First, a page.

The word "disruption" has come to define the relationship between start-ups and large companies, most notably in fintech.
But "disruption," in the true sense of the word, is looking less and less likely. Traditional financial institutions are no longer scoffing at Silicon Valley, they're using their tools to beat them at their own game. And the smart fintech startups actually understand this. They know that their fate is either to be acquired (and likely forgotten) or to be the seed of an idea that creates real change in the market, whether they succeed financially or not.
If I asked you who the leading robo advisers were, would you list fintech companies like Betterment and Wealthfront? If so, you would be wrong. Charles Schwab and Vanguard, both traditional financial institutions with long histories, have surpassed these start-ups with their own in-house robo offerings, in terms of assets under management. This is a remarkable turn in the history of digital disruption. This is the equivalent of Blockbuster launching an online streaming service that outpaces Netflix's subscription numbers.
While we have been trained to look for the next digital upstart and cheer when they defeat Goliath with a better interface, and cheaper, more convenient model, I would suggest that disruption pattern does not neatly apply to financial services, at least not today.
When Clayton Christensen coined the term "disruptive innovation", he was referring to something very specific. Disruptive innovation is when a new entrant joins the market with a cheaper product or service, and begins to eat the market from the bottom up. It usually starts from the bottom of the market because the product is less complete (though usually more novel technology) than the top of the market offerings. After surviving on thin margins and slowly taking away market share from the top players, disruptors invest their profits back into more and more features and marketing spend to work their way up-market until they have "disrupted" the incumbents by either taking them right out of business, or permanently knocking them into a lower competitive tier.
That is disruption.
Compare that with the robo adviser landscape. It's true that robo advisers, with their automated portfolio balancing, superior user interface, and rock bottom prices, began swooping up the millennial investor market. But then something happened. The media began sounding the "disruptor" alarm, and all the big wealth management firms listened. For the average investor, this is a very good thing. Now virtually all large wealth management firms have either incorporated robo advisers, or have publicly stated they are working on implementing them. This includes all of the "Big Five" banks in Canada. The original robo advisers now offer enterprise services and white-label themselves to sell into traditional wealth firms. It's a smart business move, but it can no longer be sensibly called "disruption."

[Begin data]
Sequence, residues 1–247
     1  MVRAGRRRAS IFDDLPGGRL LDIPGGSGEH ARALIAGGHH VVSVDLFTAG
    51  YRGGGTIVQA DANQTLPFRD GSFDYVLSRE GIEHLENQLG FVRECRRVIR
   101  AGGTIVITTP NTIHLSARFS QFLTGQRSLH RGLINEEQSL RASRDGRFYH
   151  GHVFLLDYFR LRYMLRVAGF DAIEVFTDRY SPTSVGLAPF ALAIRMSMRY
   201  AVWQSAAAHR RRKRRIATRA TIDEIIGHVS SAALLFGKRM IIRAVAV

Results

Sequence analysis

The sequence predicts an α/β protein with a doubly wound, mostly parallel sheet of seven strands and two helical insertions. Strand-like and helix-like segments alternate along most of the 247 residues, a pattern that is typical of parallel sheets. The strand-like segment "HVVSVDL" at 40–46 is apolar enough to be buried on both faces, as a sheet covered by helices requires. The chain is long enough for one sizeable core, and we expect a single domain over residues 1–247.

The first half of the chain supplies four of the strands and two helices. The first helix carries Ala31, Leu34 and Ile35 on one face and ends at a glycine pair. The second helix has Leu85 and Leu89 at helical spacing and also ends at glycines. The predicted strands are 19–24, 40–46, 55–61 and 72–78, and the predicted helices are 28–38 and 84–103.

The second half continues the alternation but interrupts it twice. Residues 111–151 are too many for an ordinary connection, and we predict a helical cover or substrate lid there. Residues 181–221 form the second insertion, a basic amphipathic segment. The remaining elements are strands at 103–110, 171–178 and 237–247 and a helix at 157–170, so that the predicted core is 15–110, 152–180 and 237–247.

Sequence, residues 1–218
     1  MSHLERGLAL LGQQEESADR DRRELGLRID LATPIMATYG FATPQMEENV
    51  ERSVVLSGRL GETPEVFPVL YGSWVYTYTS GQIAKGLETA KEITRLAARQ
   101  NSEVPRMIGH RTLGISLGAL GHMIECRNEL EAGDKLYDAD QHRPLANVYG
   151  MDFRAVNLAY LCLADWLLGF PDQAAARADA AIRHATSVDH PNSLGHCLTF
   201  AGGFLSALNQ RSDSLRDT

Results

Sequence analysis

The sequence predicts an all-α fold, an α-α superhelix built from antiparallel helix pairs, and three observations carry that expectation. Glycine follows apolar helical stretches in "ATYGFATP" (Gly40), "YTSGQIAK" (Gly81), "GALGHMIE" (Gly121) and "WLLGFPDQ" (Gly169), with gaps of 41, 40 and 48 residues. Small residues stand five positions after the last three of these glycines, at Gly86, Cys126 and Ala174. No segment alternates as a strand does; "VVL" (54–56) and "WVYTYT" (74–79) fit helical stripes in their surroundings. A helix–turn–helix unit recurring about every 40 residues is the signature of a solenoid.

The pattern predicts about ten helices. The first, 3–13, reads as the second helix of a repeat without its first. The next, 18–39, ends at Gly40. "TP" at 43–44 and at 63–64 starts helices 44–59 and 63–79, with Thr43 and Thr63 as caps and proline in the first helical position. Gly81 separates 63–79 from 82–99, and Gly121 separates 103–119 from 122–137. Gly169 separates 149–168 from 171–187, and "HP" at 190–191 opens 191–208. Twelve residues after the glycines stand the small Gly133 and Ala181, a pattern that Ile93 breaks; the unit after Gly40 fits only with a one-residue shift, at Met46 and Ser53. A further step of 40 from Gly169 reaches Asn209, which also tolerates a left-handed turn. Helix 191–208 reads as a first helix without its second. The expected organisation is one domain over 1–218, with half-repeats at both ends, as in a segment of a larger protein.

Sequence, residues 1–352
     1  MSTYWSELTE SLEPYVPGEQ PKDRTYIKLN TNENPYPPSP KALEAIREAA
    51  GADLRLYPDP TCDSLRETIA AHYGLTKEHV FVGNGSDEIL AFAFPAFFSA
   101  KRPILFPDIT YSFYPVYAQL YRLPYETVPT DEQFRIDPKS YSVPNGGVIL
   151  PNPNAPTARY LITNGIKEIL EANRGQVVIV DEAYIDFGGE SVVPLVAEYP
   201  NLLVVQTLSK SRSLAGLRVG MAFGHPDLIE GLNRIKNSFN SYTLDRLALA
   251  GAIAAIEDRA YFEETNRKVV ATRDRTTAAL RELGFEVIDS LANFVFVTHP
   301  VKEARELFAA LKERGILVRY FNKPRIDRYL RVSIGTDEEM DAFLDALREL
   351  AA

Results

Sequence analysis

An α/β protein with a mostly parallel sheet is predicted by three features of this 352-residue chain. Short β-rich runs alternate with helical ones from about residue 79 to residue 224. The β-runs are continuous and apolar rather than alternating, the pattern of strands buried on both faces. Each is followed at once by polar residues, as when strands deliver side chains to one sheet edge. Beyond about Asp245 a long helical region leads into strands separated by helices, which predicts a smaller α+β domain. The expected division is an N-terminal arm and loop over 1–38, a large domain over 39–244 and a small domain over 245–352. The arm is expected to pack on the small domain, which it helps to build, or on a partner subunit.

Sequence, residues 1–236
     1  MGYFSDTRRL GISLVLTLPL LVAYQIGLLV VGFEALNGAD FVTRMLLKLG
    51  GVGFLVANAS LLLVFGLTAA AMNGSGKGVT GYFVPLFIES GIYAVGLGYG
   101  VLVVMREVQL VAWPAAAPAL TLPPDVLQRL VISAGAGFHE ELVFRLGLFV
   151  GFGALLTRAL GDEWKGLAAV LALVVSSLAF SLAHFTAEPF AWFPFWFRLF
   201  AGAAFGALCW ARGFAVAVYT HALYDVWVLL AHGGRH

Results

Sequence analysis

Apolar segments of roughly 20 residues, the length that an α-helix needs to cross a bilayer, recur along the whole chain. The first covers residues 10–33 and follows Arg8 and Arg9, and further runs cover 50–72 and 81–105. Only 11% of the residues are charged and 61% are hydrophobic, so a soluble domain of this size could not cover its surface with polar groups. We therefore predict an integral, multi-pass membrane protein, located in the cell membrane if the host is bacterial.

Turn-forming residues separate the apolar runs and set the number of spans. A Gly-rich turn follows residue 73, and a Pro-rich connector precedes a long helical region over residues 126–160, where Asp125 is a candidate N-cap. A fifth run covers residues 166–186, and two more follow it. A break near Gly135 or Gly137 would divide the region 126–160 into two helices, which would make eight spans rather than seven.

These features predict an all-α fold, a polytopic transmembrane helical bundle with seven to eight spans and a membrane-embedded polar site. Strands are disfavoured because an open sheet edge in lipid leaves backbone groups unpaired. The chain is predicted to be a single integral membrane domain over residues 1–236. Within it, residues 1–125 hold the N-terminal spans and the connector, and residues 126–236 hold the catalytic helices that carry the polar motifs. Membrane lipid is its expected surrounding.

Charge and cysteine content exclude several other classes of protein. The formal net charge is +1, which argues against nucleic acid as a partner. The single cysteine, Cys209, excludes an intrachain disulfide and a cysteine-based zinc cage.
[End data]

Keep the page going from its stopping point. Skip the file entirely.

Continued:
The unsexy truth is, larger companies are better positioned to innovate than start-ups. They have more money, more man-power, a more trusted brand, and most of all, more ways to reach their customers. Out of all bank customers, some are technology enthusiasts who moved entirely to robo advisers as soon as they could. At the other end of the spectrum, some customers refuse to do any banking without talking to a human, face to face. The banks with robo advisers are able to capture all those customers. When a new fintech challenger arrives, big banks are able to iterate, adopt the challenger technology, and welcome the technology enthusiasts as customers. Robo advisers on the other hand, are simply not able to offer a "face to face" option to expand their "late adopter" market share.
Another big hurdle that fintech startups face in the quest for disruption is compliance. Banking and finance regulations are famously complex and laden in red tape. Consider the fact that Elon Musk, arguably the most boundary-pushing entrepreneur of the last decade, initially tried to make it in fintech, but was bogged down by the regulations and technicalities stacked against his fully digital bank concept (the final product was an email payments company that merged with PayPal). If Elon Musk can't disrupt banking as we know it, then I'm not sure who can.
This may not be the narrative that the world wants to hear about the nature of fintech and disruption, but it's the current market reality.
This is not to say that there are not genuinely innovative and fascinating fintech companies here in Canada that are changing the way we handle money. There are plenty of them.
But the fintech startups in Canada that are succeeding are either taking only a portion of the financial technology pie, such as lending or payments (Grow and Payso respectively) or they are directly helping financial institutions solve their own compliance problems, through identity verification or digital client onboarding (Trulioo and Agreement Express). None of these companies could be called disruptors, because they all sell to financial institutions in some way and help them become more effective, rather than trying to run them out of business.
Louis CK once said that if you describe your Wendy's sandwich as "amazing," then how can you describe your wedding day or the birth of your first child? It's too late, you've already wasted "amazing" on your lunch.
The same is true for fintech. Canadian fintech companies are doing truly innovative things to make financial services better for everyone. But at this point, we can't use the word disruptive. Maybe someday, but not yet.
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